GM has developed a new manifold for restrictor plates which has increased the power slightly, but teams will have to incorporate additional resources to get the cars up to speed. One area both GM and Ford Motor Company are researching is the use of aerodynamics. The reason the trucks can carry a higher degree of horsepower is that the trucks are aerodynamically "dirtier" than their sleek Winston Cup counterparts.

Bobby Hutchens, general manager for Richard Childress Racing, is concentrating primarily on the greenhouse (the area that covers the cockpit of a car) to increase the drag and will test an adjustable, larger greenhouse that would be nearly four inches wider and two inches taller than the existing version. He said NASCAR is hoping to add 100 counts of drag to the current cars.

"We're building a complete greenhouse that will fit over the car with spacer blocks underneath it to raise it up and down," Hutchens said. "The Ford guys look at it in drag horsepower, we look at it in drag counts. We have two or three configurations we're looking at to try to develop a good baseline and come in and make some changes.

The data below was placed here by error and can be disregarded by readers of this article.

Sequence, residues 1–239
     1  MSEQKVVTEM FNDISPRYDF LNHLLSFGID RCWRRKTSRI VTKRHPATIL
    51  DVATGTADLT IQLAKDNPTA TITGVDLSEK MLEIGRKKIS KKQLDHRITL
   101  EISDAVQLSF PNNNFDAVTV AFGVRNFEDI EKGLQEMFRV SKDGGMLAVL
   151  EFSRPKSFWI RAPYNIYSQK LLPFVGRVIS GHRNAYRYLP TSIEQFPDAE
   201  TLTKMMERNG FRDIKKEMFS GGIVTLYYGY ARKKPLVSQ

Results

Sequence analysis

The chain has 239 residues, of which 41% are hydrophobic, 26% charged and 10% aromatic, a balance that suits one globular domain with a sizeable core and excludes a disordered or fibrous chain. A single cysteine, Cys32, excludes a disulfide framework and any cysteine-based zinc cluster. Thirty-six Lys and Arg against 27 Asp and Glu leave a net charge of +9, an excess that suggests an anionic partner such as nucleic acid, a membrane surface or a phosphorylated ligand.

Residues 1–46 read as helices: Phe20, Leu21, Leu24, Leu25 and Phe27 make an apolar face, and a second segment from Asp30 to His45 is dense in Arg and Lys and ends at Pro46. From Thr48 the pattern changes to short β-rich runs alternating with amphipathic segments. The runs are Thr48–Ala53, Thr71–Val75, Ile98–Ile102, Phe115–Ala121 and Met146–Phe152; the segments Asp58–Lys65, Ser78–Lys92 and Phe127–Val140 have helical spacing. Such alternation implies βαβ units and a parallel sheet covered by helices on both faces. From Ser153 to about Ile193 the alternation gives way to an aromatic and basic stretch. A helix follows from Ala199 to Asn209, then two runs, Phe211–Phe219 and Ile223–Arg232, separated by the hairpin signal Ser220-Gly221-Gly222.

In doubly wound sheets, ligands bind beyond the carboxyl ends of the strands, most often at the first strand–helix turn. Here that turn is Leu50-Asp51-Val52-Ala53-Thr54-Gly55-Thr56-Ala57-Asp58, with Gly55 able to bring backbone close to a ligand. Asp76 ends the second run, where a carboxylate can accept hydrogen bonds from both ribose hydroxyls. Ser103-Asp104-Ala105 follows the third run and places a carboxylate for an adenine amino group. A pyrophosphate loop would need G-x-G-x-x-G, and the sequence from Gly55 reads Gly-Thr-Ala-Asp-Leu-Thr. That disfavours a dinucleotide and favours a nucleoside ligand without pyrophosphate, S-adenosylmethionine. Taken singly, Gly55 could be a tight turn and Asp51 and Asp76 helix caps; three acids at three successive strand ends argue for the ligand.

"After that we'll be cutting up or pushing or pulling something new for them. It's a consortium effort. We'll try to build the drag up and see how the cars drive at the same time. We will try to make the drag equivalent to what our downforce car has now, which would be 100 counts more drag."

Perhaps then, NASCAR would allow the teams to race one engine. Team owner Richard Childress believes following these terms would put less of a financial strain on teams. Most of bigger teams employ additional engineers just to develop restrictor plate engines. Childress has also suggested pulling out the front valence to 88 inches and widening the spoilers. Currently, teams now incorporate a width of 74 to 75 inches on the front valence.

Roush said his group is focusing on the front end to increase the drag of their cars and will use state-of-the-art technology to record and assimilate the data. Roush Racing will experiment with different variables at its tests this week at Daytona and next week at Talladega.

"We're not just looking at the cross sections, but putting some air into the car and making